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Have you ever actually read Dracula? I’ve been meaning to write this post for a while, but the fact that today, Google has a very cool picture which tells me it’s Bram Stoker’s 165th birthday, made me think that it was a good day to get on and do it.

I’m assuming that if you’re reading my blog (which fundamentally hinges on the fact that I write paranormal romance) that to a greater or lesser degree, like me, you’re a fan of vampire novels. And I think we can take it as read that Dracula, whilst not the inventor of the genre*, is the most famous  and influential vampire novel  ever written. Despite these two facts, I bet there’s a good chance you haven’t actually read it. You’ve probably seen a film or two. You’ve probably read spoofs or books that claim to be inspired by it. You probably have an idea in your head of the plot being based around visitors to a spooky eastern European castle with a suave but deadly host.

Back in the days when I sort of had an agent, they asked me if I’d ever read Dracula, and almost to my surprise, I realised I hadn’t. They hugely recommended it, so I decided to take advantage of the fact that Kindle lets you download out of copyright books for free (just one of the many reasons I love them – seriously, if you haven’t already, buy an e-reader) and get myself a copy.

I had to steel myself to read it. I was expecting it to either be painfully dry (I’m not a big fan of Victorian literature on the whole) or else painfully cheesy and clichéd. Guess what? It was genuinely brilliant – scary, romantic and well-written, the sort of book where you’re cheering the good characters on.

There’s a section where Dracula comes each night to feed off a young woman. Each night she gets weaker and weaker and each morning is given a rudimentary blood transfusion by a doctor acquaintance. Each night her friends do their best to protect her with crucifixes and white garlic flowers, each night the vampire somehow outwits them and drinks more deeply from her.  I wasn’t expecting my jaded twenty first century brain to be unnerved by something written more than a century ago, but these scenes, with their horrible sense of desperation and powerlessness, are some of the scariest things I’ve read in years. The diary of the ship’s captain, trapped at sea and horribly aware that one of his crew is being killed each night, is also pretty nerve racking.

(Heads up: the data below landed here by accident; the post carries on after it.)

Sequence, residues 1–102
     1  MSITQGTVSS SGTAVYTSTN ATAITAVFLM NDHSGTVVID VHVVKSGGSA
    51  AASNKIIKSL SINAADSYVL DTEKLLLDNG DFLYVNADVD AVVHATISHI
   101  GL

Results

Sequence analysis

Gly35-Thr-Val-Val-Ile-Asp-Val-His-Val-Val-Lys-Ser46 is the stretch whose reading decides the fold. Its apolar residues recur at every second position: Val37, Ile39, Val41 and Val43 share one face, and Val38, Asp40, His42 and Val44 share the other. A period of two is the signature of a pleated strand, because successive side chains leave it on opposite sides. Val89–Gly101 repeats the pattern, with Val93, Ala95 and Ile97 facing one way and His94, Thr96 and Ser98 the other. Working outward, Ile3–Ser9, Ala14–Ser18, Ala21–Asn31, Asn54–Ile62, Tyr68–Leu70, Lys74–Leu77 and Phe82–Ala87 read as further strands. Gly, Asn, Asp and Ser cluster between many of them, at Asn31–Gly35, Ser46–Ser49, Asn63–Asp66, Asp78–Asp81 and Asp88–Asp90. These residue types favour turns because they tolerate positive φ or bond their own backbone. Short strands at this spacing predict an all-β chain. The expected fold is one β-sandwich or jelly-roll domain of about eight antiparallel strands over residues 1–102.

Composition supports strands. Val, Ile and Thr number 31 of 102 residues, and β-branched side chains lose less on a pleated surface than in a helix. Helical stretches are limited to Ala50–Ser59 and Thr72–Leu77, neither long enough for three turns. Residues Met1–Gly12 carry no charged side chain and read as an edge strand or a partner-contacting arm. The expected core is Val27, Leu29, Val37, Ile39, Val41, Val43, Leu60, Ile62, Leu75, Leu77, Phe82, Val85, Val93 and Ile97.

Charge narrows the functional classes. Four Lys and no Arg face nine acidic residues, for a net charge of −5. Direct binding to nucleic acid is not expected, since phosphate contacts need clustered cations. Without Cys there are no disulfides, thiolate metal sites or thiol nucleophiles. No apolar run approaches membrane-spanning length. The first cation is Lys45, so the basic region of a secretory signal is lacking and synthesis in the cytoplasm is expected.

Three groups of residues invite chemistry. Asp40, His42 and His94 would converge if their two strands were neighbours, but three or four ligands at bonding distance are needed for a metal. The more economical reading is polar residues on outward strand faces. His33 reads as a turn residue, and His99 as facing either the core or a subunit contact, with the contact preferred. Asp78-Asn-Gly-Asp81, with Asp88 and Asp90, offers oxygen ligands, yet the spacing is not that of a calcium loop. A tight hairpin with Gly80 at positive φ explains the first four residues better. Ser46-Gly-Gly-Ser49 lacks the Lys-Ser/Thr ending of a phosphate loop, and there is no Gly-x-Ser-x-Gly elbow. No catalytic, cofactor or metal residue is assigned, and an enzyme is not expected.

Equally, whilst it’s not a paranormal romance in the modern sense of the word (there are certainly no human women having sexy time with this vampire), there are beautifully touching and romantic scenes,  whether it’s one character’s longing to get back to his fiancée when he’s trapped in Dracula’s castle, or most tear-jerking of all, another character deciding that he must be the one to stake his now vampiric fiancée to save her soul. At the same time, the link between sex and blood that tends to be made more explicit (in both senses of the word) in modern vampire novels, is very much there. When Dracula is biting his poor female victims, you definitely get a sense that there is more than mere hunger going through his mind.

A few fun facts:

  • I’m sure it’s not just me that imagines the entirety of the novel to be taking place in a castle in Eastern Europe. In fact, that’s only the first couple of chapters.
  • Dracula is killed with a metal knife, not a stake through the heart.

So this week, whilst it’s cold and dark outside, why not put down whatever modern vampire book you’re reading (apart from Oxford Blood, obviously!!) and indulge yourself with the king of the genre. It’ll be harder work than the latest Charlaine Harris or Laurell K Hamilton, but I promise you it will be worth it.

So, to return to my first question, have you read Dracula? If so, what did you think? Classic vampire novel or outdated?

*Before anyone tries to get clever, I know about Carmilla and Varney the Vampire and all those other nineteenth century vampire novels. Try taking a nineteenth century literature and culture module at Oxford and not having them thrust down your throat. But let’s face it, the may have come first, but Dracula made the genre.

**The cartoon near the top of the page is from: http://www.harkavagrant.com/index.php?id=285 Check out that page for more cute Dracula comic strips, and the site more generally for fab historical and literary inspired comics. So we’re totally clear, the picture totally belongs to Kate Beaton of Hark, A Vagrant, not me, but her website says it’s okay to use them as long as they’re properly cited.